On the top of a partly detached hill in the north-west part of the parish, is a circular enclosure of loose stones, apparently the ruins of a rude wall; it is called the Barmekin, and is about 70 or 80 yards in diameter, with a heap of stones near its centre. There is no satisfactory tradition connected with it. Many flint arrow and spear heads of various forms are occasionally found, principally on Benachie.

Mansion-houses.—The only remarkable mansion-bouse is Castle Forbes, the seat of Lord Forbes, chief of that ancient family, a spacious, elegant, and most commodious modern edifice, in the castellated style. It stands on the left bank of the Don, on the slope of the south-west corner of Benachie, at the termination of the valley of Alford, commanding a view of great extent and beauty. The Don, here hemmed in by naturally wooded hills, flows through the grounds; farther on the bridge of Keig a single arch of 101 feet span, has a fine effect. In the middle ground the whole vale is seen with its winding river, woods, and seats, and in the distance Morven, Lochnagar, and some of the other most remarkable mountains of Aberdeen and Banffshires. The grounds, which are of great variety of surface, comprehend 285 acres of natural wood, and with belts, 90 of planted, seven or eight miles of drives, a great extent of walks, and a highly cultivated home-farm of 400 acres, including the lawn, the whole showing that, while money has been liberally expended, it has been tastefully and judiciously laid out. The view from the manse of Keig, situated on the southern slope, in the neighbourhood of Castle Forbes, is equally commanding and rich, including the fine grounds of the castle, which, with its extensive park, is looked upon as one of the most romantic places in the county.


Lord Forbes and the Hon. the Master of Forbes are the only persons of independent fortune usually residing in the parish.


The parish contains 7900.37 imperial acres.

The total rental, including rise on new leases, being L.2862, 18s. l1d.; but, since this calculation was made, some leases have been renewed at a considerable advance.

The rent of grazing for a full-grown ox or cow may be reckoned at L. 2 for the season, and for a full-grown sheep of any of the improved large breeds, 8s. for the year.

Prices.—The following is a list of the price of articles of raw produce, country manufacture, &c. &c. Fir and larch weedings, and small wood for paling bars, per dozen, 6d. to 1s. 6d.; 100 feet of inch deals of fir, 8s.; 100 lineal feet of larch paling, 1s. 9d.; ash, 2s. 6d. to 3s. 6d. per cubic foot; slates per 1000, carriage included, L.2, 13s. to L.2, 17s.; lime per load of twelve heaped bushels, from Cairney or Keith, carriage included, 17s. 4d. to 18s. 2d.; coals, English, per load of eight heaped bushels, carriage included, 17s. 8d. to 19s. 4d.; peats per load, carriage included, 3s.; wool, per lb., 7d. to 1s. 2d.; butter, 6d. to 8½d.; cheese per stone, 5s. to 7s.; eggs, per dozen, 4d. to 7d.; fowls, each, 1s.; chickens, 3d. to 5d.; beef, per lb. 4½d. to 6d.; box-cart with hay-frame, complete, L.7 to L.9; lime, L.6, 10s. to L.7; stone, L.6, 10s. to L.7; iron plough, complete, Small's swing, L.5 to L. 7; wooden, L. 3; iron harrows per pair, complete, L.2; wooden, 18s.; turnip sowing-machine, L.1, 10s. to L.2; drill harrow, L.1 to L.2; wheel-barrow, 18s. to L.1, 1s.; set of cart and plough harness, L.5, 5s.; stone roller, complete, L.1, 10s. to L.2; barn fanners, L. 2, 10s. to L.3, 10s. The present rates of mason, slater, &c. work are nearly as follows: mason-work, per rood of 36 square yards, L.2 to L.2, 5s.; slater, 15s.; plasterer work per square yard, three coats, 4½d.; building stone dike, 3 feet wide at bottom, 1¼ at top, and 4 feet high, including coping, per Aberdeen ell of 37.06 inches, 5d. to 7d.; building a faced dike, 5d. to 7d., viz. stone facing, 1½ foot wide at bottom, and 4 feet high, per Aberdeen ell, 2½d. to 3½d.; earth, back or sunk, 2½d. to 3½d.; cutting or embanking, per cubic yard, including harrowing, not more than 50 yards, 3d. to 4d.; spade-trenching, 10 inches deep, per acre, L.6 to L.12.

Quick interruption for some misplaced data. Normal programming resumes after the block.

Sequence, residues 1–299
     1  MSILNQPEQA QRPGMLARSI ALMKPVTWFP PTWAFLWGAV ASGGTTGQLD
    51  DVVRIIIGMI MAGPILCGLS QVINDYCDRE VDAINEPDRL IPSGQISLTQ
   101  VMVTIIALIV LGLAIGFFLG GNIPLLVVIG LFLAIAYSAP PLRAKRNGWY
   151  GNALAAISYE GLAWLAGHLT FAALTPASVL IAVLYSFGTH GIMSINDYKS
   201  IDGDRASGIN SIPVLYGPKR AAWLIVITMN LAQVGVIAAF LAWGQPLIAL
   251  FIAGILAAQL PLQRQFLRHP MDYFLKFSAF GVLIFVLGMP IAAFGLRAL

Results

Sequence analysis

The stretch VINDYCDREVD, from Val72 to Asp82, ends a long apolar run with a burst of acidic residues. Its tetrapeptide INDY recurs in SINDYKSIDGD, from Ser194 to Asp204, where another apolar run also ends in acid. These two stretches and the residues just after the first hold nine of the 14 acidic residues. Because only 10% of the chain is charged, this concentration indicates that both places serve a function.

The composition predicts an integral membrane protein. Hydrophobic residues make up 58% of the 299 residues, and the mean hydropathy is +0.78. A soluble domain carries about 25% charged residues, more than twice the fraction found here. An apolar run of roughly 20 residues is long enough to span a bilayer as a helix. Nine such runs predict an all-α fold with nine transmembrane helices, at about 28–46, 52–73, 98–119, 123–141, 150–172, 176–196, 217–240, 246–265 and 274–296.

Live-Stock.—The sheep in the parish altogether scarcely exceed 600 ; about a score are large Leicestershire, kept principally for the sake of their wool for domestic purposes; a few are four-horned, the rest are black-faced Highland. The cattle generally preferred are the native horned Aberdeenshire, in many instances crossed by the Galloway, but sufficient attention even yet is not paid to breed. About 1150 of all ages are kept.; 300 are cows and grown beasts, and 260 are calves annually reared, of which about 40 are sold at one year old, 60 at two, and the rest at three, except 20 or 30 kept to replace old cows, &c. The work-horses are good, worth from L.20 to L.30 and L.40, and principally homebred, not including 26 colts and poneys, there are 108 in the parish. The small tenants who keep only one, sometimes club two together in ploughing, and sometimes yoke an ox with the horse; with this exception, there was lately only one pair of work oxen used.

The short-horned breed and first crosses from these and Aberdeenshire cows, are now becoming very common in this and the neighbouring parishes, and farmers now find it more profitable to feed fully more cattle, and send them to the London market since steam navigation has been extended.